Children’s COVID-19 vaccine: Feds have no plans to expand vaccine authorization

OTTAWA – The federal government says it has no plans to enforce childhood vaccination requirements, as Health Canada gave Health Canada the green light for the first COVID-19 vaccine available to children aged 5 to 11 years old.

For now, Ottawa will not impose the same travel restrictions on children as it does on adults traveling in and out of the country, said Health Minister Jean-Yves Duclos.

“There are no changes to the vaccination or testing rules for children of all ages. As you said, we are currently fully focused on getting doses of Pfizer to the provinces and territories so we can start using the Pfizer vaccine as quickly as possible,” Duclos said in a statement. Interview with CTV’s Question Period airs on Sunday.

He stipulates that no one can predict “how the situation will turn out”.

On Friday, Health Canada authorized the use of two doses of Pfizer-BioNTech vaccine for children. The first batch of these children’s doses will arrive on Sunday, with a total of 2.9 million doses due to arrive by the end of next week.

The National Advisory Committee on Immunization (NACI), which makes recommendations to governments on the use of vaccines, has stated that children “can” be vaccinated with the Pfizer vaccine.

“It is not uncommon for the beginning of any vaccine recommendation for the NACI to begin by saying ‘may be offered’ for a certain group of vaccines simply because of the information they have in front of them, and the scale of the trials for example,” said Canada’s Director of Public Health, Dr Theresa Tam at a news conference on Friday.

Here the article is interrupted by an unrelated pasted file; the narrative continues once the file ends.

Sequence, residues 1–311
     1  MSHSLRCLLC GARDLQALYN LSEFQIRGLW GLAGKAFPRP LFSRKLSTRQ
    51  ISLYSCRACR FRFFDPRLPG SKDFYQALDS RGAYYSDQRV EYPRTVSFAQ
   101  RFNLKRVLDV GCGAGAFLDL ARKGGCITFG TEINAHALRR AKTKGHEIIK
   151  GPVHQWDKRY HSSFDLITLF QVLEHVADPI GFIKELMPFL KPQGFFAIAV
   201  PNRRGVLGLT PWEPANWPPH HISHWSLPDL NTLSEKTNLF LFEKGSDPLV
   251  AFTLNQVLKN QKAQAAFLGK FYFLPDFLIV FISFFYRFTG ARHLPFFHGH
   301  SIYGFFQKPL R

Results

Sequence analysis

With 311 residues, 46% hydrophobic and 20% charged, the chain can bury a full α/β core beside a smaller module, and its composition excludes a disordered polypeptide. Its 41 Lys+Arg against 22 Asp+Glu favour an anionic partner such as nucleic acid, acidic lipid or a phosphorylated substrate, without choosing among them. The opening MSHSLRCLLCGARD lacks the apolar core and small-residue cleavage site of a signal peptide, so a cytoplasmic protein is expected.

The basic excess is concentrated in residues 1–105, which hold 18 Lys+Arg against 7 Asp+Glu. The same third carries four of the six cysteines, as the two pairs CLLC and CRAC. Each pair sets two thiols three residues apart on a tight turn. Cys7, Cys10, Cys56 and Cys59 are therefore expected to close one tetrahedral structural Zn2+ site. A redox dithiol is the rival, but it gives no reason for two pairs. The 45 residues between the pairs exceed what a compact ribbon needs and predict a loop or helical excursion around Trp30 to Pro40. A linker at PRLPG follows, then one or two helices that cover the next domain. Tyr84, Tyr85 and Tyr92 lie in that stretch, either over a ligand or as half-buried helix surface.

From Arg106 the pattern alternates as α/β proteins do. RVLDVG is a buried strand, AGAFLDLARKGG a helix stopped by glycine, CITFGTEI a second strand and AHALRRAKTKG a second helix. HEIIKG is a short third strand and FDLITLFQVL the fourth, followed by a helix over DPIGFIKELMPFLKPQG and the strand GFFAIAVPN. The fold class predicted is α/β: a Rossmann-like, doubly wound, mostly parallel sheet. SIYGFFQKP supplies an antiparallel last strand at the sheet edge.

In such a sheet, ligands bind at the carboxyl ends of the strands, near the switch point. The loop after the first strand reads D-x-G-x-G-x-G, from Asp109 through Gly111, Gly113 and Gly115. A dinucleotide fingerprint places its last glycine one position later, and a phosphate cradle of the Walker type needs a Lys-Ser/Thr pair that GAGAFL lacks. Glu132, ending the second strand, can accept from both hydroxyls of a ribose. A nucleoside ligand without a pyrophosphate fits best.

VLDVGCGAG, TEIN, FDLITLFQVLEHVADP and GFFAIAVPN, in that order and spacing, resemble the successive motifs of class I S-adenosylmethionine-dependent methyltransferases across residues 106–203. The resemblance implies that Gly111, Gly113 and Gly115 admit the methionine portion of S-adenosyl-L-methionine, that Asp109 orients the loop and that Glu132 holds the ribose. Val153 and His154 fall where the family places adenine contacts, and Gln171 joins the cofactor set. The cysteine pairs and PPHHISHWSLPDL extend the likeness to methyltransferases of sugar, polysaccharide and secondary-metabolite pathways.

“But we expect NACI will continue to evaluate that information, and as with some adult recommendations, these may change over time.”

In its analysis, the NACI said that given the uncertainties surrounding childhood immunizations at this time, children and their parents and guardians should be respected when deciding whether or not to get vaccinated. no and “shouldn’t discriminate” in some way.

Moderna has also submitted their COVID-19 vaccine for Health Canada approval for use in children aged six to 11.


Duclos said the government also does not intend to include COVID-19 booster shots in the mandatory vaccine requirements.

“Based on the public health guidance and knowledge we currently have, there is no need to change the rules around the definition of full immunization,” he said.

Health Canada has approved the use of Moderna and Pfizer vaccines as a booster shot in people 18 years of age and older to be given at least six months after the completion of the primary vaccine course. Provinces and territories have implemented their own filing rules.


In a later announcement, government officials announced that as of November 30, fully vaccinated Canadians and permanent residents returning home from a trip abroad of less than 72 hours will no longer be required to do so. provide evidence of a negative molecular test, such as a PCR test.

When asked why there is a three-day timeframe, Duclos said a shorter trip equates to less risk.

“Public Health Authority [of Canada] He assessed that those are very short trips, the risk of those people getting sick and bringing the virus back to Canada is very modest compared to other risks,” he said.

“Health Canada, Public Health Agency [of Canada], with border officials, will randomly test Canadians who leave less than three days to see if we should continue that policy or if we should modify it in the future. “

With files from CTV News ‘Rachel Aiello


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